Substance Control

A common concern regarding the use of herbal medicines is that they are not regulated by the Food and Drug Administration (FDA). Supplements are regulated as food.

According to Eberhard, “GMP (Good Manufacturing Practice) is the international standard in regulating pharmaceutical production and distribution and the best herbal companies in the world stamp this all over the packaging of their supplements/formulas/herbal remedies.”

According to, “Many U.S. importers of Chinese herbs and herbal products such as Crane, Springwind, NuHerbs, KPC, Kamwo, Mayway, use independent laboratories in the United States to test for hundreds of pesticides as well as testing for sulfur dioxide, aristochic acid, aflatoxin/ochrotion, heavy metals and of course proper species authentication. Herb companies do maintain Certificates of Analysis that specify the results of their testing, as well as where the testing was done (i.e. in China or in the United States) that you can request when you order.”

This doesn’t mean that the herbs will be pesticide-free. According to the article, “To ensure that herbs and products are truly chemical free, they must be certified organic. Certified organic are a bit more expensive than conventionally grown herbs and are becoming easier to find.”

As for FDA regulation, there is also debate as to the validity of the testing and trials performed. A article quotes Marcia Angell, M.D., former editor-in-chief of The New England Journal of Medicine:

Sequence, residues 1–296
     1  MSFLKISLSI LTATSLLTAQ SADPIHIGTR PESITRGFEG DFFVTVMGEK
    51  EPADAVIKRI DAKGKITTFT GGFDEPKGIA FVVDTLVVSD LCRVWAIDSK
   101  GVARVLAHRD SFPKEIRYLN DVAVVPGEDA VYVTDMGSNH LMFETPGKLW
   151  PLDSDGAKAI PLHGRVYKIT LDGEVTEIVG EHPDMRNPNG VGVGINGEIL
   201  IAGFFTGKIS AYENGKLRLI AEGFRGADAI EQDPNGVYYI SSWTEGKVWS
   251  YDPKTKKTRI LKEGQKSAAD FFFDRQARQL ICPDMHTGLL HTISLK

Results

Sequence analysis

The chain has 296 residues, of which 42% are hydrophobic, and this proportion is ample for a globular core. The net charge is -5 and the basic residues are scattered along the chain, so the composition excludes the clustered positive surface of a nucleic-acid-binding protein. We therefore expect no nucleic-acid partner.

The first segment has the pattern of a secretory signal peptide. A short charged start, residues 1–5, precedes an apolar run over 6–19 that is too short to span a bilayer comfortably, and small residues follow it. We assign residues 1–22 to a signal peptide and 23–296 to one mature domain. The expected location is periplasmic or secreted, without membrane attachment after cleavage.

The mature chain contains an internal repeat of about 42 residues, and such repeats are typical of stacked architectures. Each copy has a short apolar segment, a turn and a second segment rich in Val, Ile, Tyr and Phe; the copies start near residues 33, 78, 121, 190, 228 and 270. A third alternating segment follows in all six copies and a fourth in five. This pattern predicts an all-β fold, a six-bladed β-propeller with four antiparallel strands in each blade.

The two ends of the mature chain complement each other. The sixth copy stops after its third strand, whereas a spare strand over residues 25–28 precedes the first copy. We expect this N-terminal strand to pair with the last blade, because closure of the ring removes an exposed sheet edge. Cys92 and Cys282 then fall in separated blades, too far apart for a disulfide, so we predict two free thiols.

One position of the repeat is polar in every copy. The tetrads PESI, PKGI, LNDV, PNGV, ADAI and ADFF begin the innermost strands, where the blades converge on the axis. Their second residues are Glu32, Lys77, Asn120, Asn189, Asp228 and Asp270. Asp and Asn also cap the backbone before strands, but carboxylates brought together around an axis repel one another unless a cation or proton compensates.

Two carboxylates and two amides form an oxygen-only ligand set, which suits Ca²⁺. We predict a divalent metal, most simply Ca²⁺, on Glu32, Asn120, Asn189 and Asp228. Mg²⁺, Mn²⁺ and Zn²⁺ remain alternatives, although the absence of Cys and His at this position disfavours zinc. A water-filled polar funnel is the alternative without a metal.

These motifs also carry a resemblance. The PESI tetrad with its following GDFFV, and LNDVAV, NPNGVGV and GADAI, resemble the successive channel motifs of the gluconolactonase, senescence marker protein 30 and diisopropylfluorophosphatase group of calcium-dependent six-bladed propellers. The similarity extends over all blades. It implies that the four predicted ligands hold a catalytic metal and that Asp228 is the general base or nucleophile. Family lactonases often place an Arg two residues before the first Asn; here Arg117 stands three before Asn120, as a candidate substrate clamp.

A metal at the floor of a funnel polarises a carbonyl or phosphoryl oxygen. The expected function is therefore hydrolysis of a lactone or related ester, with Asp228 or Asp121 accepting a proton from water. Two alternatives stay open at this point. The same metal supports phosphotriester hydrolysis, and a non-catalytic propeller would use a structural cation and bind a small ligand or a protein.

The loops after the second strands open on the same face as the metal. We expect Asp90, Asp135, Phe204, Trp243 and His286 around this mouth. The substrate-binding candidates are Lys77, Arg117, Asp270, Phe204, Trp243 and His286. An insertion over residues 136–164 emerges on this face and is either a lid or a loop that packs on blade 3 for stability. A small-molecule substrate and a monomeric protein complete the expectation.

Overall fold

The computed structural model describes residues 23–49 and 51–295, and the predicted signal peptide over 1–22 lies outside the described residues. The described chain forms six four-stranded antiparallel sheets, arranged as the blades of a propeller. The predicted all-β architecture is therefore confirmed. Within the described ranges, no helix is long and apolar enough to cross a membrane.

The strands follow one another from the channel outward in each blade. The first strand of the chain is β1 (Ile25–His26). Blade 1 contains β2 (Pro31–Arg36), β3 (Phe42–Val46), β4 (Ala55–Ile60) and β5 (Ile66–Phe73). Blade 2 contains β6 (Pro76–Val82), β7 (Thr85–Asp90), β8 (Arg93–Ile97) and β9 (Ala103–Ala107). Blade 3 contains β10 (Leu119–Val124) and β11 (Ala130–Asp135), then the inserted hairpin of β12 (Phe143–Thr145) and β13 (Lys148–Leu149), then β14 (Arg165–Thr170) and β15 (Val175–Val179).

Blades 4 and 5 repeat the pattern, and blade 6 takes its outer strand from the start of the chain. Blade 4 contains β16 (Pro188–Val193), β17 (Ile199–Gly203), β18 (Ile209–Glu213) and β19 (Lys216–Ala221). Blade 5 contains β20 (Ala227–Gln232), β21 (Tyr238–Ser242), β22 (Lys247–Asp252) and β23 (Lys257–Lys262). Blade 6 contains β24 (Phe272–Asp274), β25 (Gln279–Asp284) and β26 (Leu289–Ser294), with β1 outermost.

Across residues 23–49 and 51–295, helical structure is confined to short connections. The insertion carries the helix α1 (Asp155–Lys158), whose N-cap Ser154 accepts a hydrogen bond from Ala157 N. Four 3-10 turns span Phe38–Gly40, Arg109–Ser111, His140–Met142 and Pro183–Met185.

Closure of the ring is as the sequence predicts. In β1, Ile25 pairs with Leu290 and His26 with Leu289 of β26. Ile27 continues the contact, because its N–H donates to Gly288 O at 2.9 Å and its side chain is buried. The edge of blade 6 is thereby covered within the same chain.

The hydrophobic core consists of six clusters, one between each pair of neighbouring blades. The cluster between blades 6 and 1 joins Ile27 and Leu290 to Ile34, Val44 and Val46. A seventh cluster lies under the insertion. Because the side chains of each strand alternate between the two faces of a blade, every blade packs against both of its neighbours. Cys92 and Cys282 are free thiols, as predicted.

“Can we believe those trials? After all, that crucial last stage of research and development is usually sponsored by the company that makes the drug, even if the early research was done elsewhere. Is there some way companies can rig clinical trials to make their drugs look better than they are? Unfortunately, the answer is yes. Trials can be rigged in a dozen ways, and it happens all the time,” Angell states in her book “The Truth About the Drug Companies.”

The article adds, “Furthermore, FDA approval committees often include members with ties to pharmaceutical companies. In fact, the 2006 Institute of Medicine’s study recommended that the FDA should “establish a requirement that a substantial majority of the members of each advisory committee be free of significant financial involvement with companies whose interests may be affected by the committee’s deliberations.”

Thus, it can be debated that the FDA is truly the be-all-end-all answer on pharmaceutical safety and control.

Additional Benefits and Common Ailment Treatments